As for the ad itself, I’m conflicted. I work in marketing so from my own experience, it’s hard to see it as anything except cynical. I certainly prefer this kind of messaging to the alternative, and it is undoubtedly well-done for what it is. But I also don’t care to pat Procter & Gamble (same company that makes Old Spice btw) on the back for hiring the right mercenary ad firm to “get the PR right” and garner a bunch of clicks and “thought pieces.” Remember, if they thought they could score points by appealing to fascism, they would!

    I’m against consumerism-as-activism in general; we aren’t going to buy our way into a better world by picking the brands with the most thoughtful ads… It’s going to take more than that.

  9. a_ray_in_dilbert_space says

    M Smith@3: “Cue men lathering their face in Gillette shaving foam and setting fire to it.”

    It might be just about as much fun watching them toss aerosol cans of shaving cream onto a bonfire and then hightailing it as the scalding hot foam sticks to them like napalm.

  10. hemidactylus says

    Consumerism and self-branding as identity are in large negative things. Razors aren’t really status symbols, though I guess in some circles neck beards are. They are more like copy machines. I still have the free handle they were nice enough to send in mail years ago and still pay for replacement cartridges. Their apparent act of kindness was profitable.

    Apparel, or putting on appearances via clothing, is problematic. The FUBU episode of Atlanta, ironically a corporate product of FOX, hits the nail on the head as analyzed here:

    Branding as identity and status has negative social consequences the rest of society pays for as “externalities”. Capitalism, the unknown ideal.

    So I guess cynical socially responsible advertizing doesn’t quite make up for deleterious effects of the profit motive, but at least eases the pain, as when alcoholic beverage commercials urge us to drink responsibility while unleashing urges in watchers trying to stay sober.

  11. cartomancer says

    I think we can feel positive about this one. Not because it’s a cynical attempt to cash in on popular sentiments, but because it’s a bellwether that shows just how mainstream and significant those sentiments are becoming.

  12. pipefighter says

    One of the things that disappoints me is how the expression “boys will be boys gets used” . When I was a kid it was usually used when one of us would go down a hill a little too fast on a bike or toboggan. Now it always seems to be used either excuse something violent and/ or rapey. I suppose that was probably the case before too.

  13. lotharloo says

    I was also conflicted about this because obviously it’s an ad for a giant company but then on the other hand, ads have been shaping our culture as well as the global culture. And this ad is so much better than some smoothly shaved shirtless muscular dood hanging out with a bunch of thin women in bikinis.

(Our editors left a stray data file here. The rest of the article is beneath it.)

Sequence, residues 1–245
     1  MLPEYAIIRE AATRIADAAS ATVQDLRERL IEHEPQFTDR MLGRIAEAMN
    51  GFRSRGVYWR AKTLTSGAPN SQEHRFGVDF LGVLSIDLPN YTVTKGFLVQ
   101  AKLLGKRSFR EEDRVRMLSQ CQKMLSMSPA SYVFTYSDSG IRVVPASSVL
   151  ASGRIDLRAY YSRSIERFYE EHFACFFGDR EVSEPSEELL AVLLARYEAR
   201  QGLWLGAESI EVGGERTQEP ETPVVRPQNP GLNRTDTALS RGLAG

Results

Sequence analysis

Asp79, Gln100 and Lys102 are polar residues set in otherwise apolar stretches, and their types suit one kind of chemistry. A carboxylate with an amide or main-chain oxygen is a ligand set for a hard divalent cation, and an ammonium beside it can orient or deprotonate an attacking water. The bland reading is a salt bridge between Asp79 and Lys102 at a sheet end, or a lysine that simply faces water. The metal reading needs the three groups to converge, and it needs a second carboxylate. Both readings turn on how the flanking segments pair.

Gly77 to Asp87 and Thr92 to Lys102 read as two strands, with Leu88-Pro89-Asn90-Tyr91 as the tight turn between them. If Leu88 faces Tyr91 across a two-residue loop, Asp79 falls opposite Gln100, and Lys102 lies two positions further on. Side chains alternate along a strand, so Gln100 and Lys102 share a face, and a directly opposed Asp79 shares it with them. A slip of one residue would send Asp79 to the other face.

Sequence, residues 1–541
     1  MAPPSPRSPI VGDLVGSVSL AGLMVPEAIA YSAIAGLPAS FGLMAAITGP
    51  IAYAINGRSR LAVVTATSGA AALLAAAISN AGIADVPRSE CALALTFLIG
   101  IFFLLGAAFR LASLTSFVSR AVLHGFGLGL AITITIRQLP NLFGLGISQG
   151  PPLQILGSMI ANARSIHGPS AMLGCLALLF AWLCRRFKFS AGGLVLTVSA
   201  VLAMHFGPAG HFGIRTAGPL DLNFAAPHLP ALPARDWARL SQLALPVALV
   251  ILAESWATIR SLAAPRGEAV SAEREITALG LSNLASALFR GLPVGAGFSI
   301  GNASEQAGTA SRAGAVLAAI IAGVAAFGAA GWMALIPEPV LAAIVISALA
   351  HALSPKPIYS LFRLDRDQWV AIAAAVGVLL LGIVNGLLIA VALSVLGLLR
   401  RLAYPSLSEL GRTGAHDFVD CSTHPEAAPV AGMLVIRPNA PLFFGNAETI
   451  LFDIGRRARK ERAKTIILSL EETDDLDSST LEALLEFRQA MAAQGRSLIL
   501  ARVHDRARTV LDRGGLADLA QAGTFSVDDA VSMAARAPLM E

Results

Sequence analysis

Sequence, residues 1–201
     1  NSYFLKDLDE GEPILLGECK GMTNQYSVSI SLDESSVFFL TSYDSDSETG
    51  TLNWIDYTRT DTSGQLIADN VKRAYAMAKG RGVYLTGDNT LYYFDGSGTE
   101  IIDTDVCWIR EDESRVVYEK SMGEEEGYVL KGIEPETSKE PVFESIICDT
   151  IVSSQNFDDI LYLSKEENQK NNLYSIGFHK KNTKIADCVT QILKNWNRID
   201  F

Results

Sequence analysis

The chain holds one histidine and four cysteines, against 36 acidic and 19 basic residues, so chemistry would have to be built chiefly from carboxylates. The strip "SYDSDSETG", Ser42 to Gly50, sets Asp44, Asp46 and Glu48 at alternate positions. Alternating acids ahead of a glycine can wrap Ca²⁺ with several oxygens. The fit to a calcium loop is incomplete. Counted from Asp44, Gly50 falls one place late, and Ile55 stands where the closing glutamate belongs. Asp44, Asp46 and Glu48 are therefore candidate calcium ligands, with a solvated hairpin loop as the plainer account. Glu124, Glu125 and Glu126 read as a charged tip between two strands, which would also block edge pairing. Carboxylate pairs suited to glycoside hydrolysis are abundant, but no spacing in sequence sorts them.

So kudos for Gillette and I hope they sell a lot more because of it.

  14. auraboy says

    I’ve worked in advertising, and I know how cynically the P&G in-house marketing team were thinking around this (inspired by the vegan sausage roll furore in the UK, apparently) . But, really, who cares? They’ve committed to anti MRA causes and employed a feminist film director to make this and other adverts. If they’ve done it for purely marketing reasons, I don’t care. I don’t need my corporations to be purist socialist concerns (are corporations ever going to be?) I just need them to commit to public pressure to not be arseholes.
    All this tells me is that progressive forces outweigh regressive ones in marketing forecasts. We’re winning, very slowly, but that’s better than losing quickly.

  15. says

    Agreed with Cartomancer.

    Plus, this is a good, maybe even beautiful message.

    Produced for cynical reasons? Nothing but corporate virtue signalling (probably the only real kind)? Intended to whip up MRA controversy? Maybe.

    But even if it was created for awful reasons, the message itself is good. Maybe even beautiful. It made me tear up a little, and let me tell you that is NOT something an ad can normally pull off.

  16. says

    Now, I have no idea what razor blades we use (I just steal Mr’s), but the usual contingent of howling snowflakes (somebody needs to draw that) makes me feel good.

  17. hemidactylus says

    I concede I poured on the anticorporate rhetoric a bit too heavy. The positives of this Gillette ad are heartening and the We Hunted the Mammoth link shows the bonus byproduct of causing a meltdown in the manosphere. Given my Sonny Crockett stubble situation it’s time I visit my Gillette Mach3Turbo* soon.

    *- I hope it never lives up to the hype and breaks the speed of sound while a sharp set of blades are dragged across my facial skin. 2301.8 miles per hour might hurt.

  18. jrkrideau says

    Given the mad reations, this suggests to me that there are a lot of men out there who know how toxic they have been. I like the ad just for the fact that it has stirred up the patriarchy. If they did not feel guilty/challenged the response would be “Ho hum, weird ad”.

    I have had a beard probably for a longer time than PZ but I may go by a couple of razors just for the hell of it.

  19. says

    Whats the fuss about ? At least they aren’t advertising those useless new-fangled multi-bladed pieces of crap that are only good for the garbage bin. I still use my old 1950’s single blade Gillette razor. Its still the best a man can get. Meanwhile here’s some toxically masculine, politically incorrect commercials including a cringeworthy one from Gillette.

  20. methuseus says

    I think it’s great that such a large company as P&G has put out something like this. It gives me hope that society is becoming more aware of itself, and the shit we’ve been living with for centuries may finally be starting to die out.

  21. Golgafrinchan Captain says

    Since this is a corporation, I don’t see how this can be anything other than a cynical self-serving calculation. But… this brings me great joy because it shows that we are winning. Corporations are also cautious, so the calculation must be clear.

    Same with the Nike / Kaepernick ads.

  22. Akira MacKenzie says

    Golgafinchan Captain @ 23

    I consider myself a hardcore socialist. However, just because Gillette is looking to make a few bucks doesn’t mean the overall point of the ad is wrong.

  23. Golgafrinchan Captain says

    @Akira #24 (realizing this is a somewhat necroed thread)
    I totally agree. I think it’s a great ad and it will influence people who are outside of the social circles that care about such things. I was just commenting that it’s extremely unlikely that Gillette made the add out of any sense of social responsibility.